Adobe vets release ColorBlast for iPhone

My old teammates Ralf & Steve, the guys who brought you Vanishing Point in Photoshop (and before that LiveMotion), have released their first iPhone application, ColorBlast.  It’s a tool for selectively painting color onto images:

The core feature of ColorBlast is the ability to separate and color one object in an otherwise black and white photo. To make this possible, and even fun, ColorBlast employs selective color technology which allows you to start brushing on a specified color and then paint only that color.

Here’s the app in action:

You can find ColorBlast on the App Store, and you can follow its developments via its Facebook fan page.

3 thoughts on “Adobe vets release ColorBlast for iPhone

  1. I continue to be stunned by Adobe / Flash people who are helping Jobs in his quest to kill Adobe and Flash.
    [Steve Jobs isn’t trying to kill Adobe. He likes control, and thus he doesn’t like Flash (all other arguments being kind of immaterial). Flash accounts for 7% of Adobe’s revenue. And in any event, these guys don’t work for Adobe anymore. –J.]
    Jobs’ has shown that he cannot be trusted with the power he’s been granted from an admittedly nifty invention – the iPhone. His attempt to kill an important Web Standard like Flash – just so he can corner the apps market, is that proof.
    By developing for his platform you drive more nails in the coffin of Flash and Adobe. I understand the desire to make a quick buck – but I question the integrity of such moves.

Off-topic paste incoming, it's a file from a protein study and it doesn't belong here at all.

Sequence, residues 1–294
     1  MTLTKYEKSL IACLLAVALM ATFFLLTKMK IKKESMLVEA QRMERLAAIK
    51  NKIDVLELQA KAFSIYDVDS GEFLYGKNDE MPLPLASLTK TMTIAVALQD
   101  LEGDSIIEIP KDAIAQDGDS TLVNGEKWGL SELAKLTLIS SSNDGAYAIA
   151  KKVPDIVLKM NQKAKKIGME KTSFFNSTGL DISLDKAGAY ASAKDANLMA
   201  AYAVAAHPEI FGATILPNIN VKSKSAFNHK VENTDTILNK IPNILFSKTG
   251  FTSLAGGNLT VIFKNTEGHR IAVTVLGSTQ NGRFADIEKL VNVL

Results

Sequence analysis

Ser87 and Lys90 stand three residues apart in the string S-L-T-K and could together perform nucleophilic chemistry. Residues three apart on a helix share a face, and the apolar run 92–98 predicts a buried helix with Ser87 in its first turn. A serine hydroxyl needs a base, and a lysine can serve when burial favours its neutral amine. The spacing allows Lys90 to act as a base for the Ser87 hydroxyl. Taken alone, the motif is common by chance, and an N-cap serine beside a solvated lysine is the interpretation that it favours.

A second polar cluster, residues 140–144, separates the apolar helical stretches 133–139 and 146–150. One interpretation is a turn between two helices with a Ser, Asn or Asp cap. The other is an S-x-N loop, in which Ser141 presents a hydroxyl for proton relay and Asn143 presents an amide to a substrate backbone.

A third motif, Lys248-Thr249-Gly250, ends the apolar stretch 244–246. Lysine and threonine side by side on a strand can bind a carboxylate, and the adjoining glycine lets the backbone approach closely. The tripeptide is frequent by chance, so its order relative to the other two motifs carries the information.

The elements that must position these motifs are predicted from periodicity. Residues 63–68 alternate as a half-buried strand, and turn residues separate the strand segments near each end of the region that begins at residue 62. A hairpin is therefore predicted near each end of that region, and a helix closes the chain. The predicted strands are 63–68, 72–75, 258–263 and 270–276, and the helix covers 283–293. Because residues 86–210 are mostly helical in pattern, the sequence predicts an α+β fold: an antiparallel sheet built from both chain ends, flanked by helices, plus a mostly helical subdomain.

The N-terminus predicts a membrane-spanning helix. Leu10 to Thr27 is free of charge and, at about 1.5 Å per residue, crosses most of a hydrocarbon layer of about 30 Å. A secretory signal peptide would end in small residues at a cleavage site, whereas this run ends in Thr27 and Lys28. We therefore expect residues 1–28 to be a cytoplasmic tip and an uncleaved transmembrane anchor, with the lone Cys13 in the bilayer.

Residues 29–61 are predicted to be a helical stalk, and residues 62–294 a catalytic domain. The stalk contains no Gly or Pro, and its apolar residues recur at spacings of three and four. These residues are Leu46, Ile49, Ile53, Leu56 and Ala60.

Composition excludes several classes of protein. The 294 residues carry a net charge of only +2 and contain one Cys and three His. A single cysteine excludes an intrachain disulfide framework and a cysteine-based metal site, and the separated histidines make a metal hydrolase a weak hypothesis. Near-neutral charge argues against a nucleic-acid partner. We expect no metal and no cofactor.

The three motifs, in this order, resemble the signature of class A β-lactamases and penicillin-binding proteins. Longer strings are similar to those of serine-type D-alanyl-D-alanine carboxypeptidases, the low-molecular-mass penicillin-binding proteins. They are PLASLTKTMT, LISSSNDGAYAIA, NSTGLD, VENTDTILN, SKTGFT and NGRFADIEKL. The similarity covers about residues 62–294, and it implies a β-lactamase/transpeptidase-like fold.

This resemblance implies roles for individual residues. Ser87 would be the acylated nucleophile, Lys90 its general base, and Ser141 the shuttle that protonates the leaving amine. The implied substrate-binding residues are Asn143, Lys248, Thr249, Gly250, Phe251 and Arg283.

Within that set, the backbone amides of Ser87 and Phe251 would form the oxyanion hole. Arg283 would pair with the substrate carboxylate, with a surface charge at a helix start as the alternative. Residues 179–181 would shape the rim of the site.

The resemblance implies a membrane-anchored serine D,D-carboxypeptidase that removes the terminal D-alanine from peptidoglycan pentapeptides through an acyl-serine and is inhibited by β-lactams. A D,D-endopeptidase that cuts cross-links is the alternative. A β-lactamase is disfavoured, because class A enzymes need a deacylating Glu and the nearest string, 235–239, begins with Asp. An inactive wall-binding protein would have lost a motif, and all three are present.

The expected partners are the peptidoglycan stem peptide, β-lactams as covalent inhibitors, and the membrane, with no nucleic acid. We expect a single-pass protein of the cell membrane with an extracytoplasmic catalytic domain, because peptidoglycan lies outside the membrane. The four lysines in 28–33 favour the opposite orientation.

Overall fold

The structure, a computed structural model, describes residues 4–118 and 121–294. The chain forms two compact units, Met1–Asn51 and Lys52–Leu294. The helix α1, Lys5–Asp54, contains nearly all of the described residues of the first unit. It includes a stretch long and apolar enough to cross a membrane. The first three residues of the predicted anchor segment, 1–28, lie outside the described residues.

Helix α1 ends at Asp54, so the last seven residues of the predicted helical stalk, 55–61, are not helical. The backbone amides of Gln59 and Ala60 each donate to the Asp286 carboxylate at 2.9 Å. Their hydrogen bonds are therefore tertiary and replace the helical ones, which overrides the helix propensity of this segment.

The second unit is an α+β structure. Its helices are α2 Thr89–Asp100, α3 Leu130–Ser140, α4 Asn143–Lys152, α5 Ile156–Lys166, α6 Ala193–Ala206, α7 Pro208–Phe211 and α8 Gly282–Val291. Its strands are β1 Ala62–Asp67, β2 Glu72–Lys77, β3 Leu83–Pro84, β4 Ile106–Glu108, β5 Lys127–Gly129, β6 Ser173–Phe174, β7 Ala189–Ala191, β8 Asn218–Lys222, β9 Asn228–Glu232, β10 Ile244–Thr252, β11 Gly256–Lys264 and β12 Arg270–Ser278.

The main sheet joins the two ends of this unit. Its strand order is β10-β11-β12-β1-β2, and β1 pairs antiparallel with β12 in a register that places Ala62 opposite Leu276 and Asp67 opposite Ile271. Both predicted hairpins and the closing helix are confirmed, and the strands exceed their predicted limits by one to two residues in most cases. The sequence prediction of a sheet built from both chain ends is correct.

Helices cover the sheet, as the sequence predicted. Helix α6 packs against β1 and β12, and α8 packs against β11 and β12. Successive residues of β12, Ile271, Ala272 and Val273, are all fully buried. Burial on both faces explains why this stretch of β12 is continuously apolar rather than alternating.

[I think you should try reading more closely before questioning anyone’s integrity. –J.]

  2. The 7% revenue stat doesn’t tell the story. Flash’s potential as ~The~ write once – deploy everywhere solution for deskTops, lapTops, TVs, smartPhones, cars, refrigerators, etc is enormous and Adobe understands this.
    And I maintain that having such a tool would be a boon to developers creating the next level of user interfaces and functionalities as we endeavor to bring our beloved web to the masses. A mission I would argue is crucial to Humanity.
    I take it seriously when a tyrant like Jobs tries to squelch something as important as Flash could be.

  3. Comes down to this…
    If you believe, as I do, in the importance of Flash, and you believe, as any one who’s been paying attention does, that Jobs is trying to kill Flash… then there’s an integrity issue if you’re developing for Jobs’ platform.
    It could well be, and this is what I suspect, that many Adobe people do not believe in the importance of Flash. That, of course, is a valid opinion.

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